As long as the motorist is treated as a sub-human species he will behave like one. It is a matter of record that human children, raised by wild animals, behave like wild animals. The kudos in today’s society tend to go to the driver who broke the law and “got away with it” for that is the only way a motorist has an opportunity of using any ingenuity at all in today’s restricted atmosphere. Adults treated like children behave like children. On present indications in twenty years’ time we shall have no choice but to drive like children, strapped and cushioned in crash-proof, pollution-proof, fool-proof (since only fools will bother) vehicles, limited to 20 m.p.h. in the interests of economy (for engines will be limited to 1,000 c.c. and the armour-plating alone will weigh two tons), bumping the stuffing out of each other on the vast dodgem-track of motorways and trunk-roads networking the British countryside (the cities will be firmly out-of-bounds), and dying prematurely from total ossification of our brains and central nervous systems.
We might just avert this appalling destiny if our rulers accept this humble advice. Namely, to REDUCE the amount of motoring legislation in stages, so, as the motorist learns to accept a little responsibility he is allowed to cultivate his new-found attribute until ALL motoring law can be made merely advisable. The burden of safety will then be back where it belongs, on the shoulders of the individual motorist and, more important, the motoring community as a whole affording each the responsibility which, to my mind at least, is synonymous with real Civilisation, for the only indictable offence would be “Driving in an uncivilised manner” and all prosecutions initiated by citizens themselves under Government subsidy, thus freeing the Police to attend to the other matters for which, they claim, they are so short-staffed.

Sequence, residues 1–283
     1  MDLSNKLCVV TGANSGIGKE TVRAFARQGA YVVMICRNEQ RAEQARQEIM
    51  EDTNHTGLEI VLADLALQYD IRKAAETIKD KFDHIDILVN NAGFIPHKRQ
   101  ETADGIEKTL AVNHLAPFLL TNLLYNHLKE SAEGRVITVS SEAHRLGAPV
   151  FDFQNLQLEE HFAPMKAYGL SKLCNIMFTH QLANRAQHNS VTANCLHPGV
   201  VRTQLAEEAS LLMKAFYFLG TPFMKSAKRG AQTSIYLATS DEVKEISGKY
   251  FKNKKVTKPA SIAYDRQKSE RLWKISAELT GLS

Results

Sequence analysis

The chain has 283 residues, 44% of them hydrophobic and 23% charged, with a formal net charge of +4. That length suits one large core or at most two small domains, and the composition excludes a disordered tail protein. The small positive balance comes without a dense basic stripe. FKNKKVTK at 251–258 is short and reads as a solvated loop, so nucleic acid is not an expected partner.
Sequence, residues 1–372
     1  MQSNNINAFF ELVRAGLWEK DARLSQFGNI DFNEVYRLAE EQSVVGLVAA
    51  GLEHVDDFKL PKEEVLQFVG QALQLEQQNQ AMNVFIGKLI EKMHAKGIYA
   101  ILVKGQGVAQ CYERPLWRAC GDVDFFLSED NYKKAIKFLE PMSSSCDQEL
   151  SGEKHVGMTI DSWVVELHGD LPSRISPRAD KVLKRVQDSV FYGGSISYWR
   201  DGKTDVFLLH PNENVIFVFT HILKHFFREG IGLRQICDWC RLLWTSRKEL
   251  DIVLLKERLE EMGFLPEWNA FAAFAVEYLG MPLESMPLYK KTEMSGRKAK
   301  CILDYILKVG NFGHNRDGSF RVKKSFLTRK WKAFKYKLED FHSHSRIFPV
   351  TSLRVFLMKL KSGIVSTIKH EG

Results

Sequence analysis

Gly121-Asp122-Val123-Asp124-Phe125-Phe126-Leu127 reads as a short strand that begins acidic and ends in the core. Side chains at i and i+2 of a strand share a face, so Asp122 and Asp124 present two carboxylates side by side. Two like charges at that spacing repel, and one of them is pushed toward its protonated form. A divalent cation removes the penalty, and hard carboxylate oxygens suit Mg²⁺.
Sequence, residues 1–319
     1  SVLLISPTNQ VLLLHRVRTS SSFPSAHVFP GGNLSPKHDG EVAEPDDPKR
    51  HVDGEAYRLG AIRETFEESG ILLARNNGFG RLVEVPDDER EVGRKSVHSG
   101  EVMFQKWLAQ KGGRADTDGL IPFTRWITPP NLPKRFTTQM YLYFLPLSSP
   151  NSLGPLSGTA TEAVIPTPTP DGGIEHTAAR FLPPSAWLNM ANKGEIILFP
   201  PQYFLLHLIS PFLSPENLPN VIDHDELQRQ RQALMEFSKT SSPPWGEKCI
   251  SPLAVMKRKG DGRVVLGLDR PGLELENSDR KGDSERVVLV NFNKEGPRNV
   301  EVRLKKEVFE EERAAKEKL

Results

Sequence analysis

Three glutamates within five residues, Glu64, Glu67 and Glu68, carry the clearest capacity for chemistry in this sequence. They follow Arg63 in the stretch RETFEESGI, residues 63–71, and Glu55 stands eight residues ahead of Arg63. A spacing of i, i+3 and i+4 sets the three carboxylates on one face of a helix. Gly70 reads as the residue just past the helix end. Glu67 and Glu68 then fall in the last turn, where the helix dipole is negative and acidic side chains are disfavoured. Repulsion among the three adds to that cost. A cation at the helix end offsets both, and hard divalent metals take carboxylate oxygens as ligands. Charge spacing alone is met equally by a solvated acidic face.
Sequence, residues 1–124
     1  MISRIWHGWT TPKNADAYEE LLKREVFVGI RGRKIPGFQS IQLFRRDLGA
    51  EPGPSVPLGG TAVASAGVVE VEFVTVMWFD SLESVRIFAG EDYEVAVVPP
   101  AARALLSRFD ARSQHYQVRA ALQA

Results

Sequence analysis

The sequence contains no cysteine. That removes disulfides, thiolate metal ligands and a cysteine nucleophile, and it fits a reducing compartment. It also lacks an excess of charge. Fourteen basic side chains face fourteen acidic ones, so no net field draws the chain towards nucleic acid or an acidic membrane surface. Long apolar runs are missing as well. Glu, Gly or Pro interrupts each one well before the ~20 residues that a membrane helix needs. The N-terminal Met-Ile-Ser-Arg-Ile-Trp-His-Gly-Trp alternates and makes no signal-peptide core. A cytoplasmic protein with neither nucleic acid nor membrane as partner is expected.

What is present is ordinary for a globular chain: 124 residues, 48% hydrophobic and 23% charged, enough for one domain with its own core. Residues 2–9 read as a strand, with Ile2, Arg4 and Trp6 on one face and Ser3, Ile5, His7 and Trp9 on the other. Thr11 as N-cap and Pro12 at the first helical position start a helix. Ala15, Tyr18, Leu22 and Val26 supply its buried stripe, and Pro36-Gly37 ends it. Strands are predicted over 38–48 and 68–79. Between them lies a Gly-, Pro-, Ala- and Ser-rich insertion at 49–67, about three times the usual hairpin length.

Many will possibly assume that I am utterly insane; a matter on which I am unqualified to comment. I do believe that a person’s life is his own and his conduct his own responsibility. The consequences and penalties of irresponsible and anti-social behaviour should not be cushioned or concealed, but universally recognised and allowed to take full toll. Only in this way can we, as a race of people, be stimulated into becoming truly civilised and only then by expunging the pettiness of present-day legislation which is an insult to the intelligence of every human-being who has to sweat in frustration under its stultifying load.
I will (at long last) close with a passing thought, prompted by D.S.J.’s article. “When civilisation progresses ever further and legislation forbids anyone to risk their life at anything, more of life will be at risk than ever before”.
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I have followed your recent correspondence and enter my wife’s Honda 600Z as a contender in the written contest. According to read test in Motor of August 5th, 1972 the mean top speed is 73 m.p.h. (best 78) and the fuel consumption figures are:
Subsequent experience has shown that these figures are not misleading, as the following illustration will show.
On Saturday June 29th this year I drove from Macclesfield to Bath partly on the M6 but mostly on busy main roads, and later that day returned to Macclesfield mostly on the M4, M5 and M6. The following table contains the relevant statistics of the journey. The mileage figures are corrected for an optimistic mileometer.
Can the Fiat 126 match these figures? Whether or not it can, from my experience of the Fiat 500 I doubt whether I could have survived in it either part of the journey let alone the round trip without a splitting headache and cramped limbs.
I tried the 500 before buying the Honda, but found it to be cramped, uncomfortable, noisy and generally unbearable for more than about 10 miles at a time. By contrast the Honda 600Z is extremely comfortable for 2 adults and two or three small children, its driving position and location of controls are as near perfect as possible, it is quiet by modern standards, it handles nicely now it is on Michelin ZXs and up to date (23,000 miles) it is utterly reliable.
The Honda 600Z has two faults, first the usual poor heating arrangements found with air cooled engines and secondly that it is no longer imported into this country.
On another subject I was delighted to see from the picture on page 814 that you have seen the light and have rescued a Lanchester LD 10.
R. W. Ramage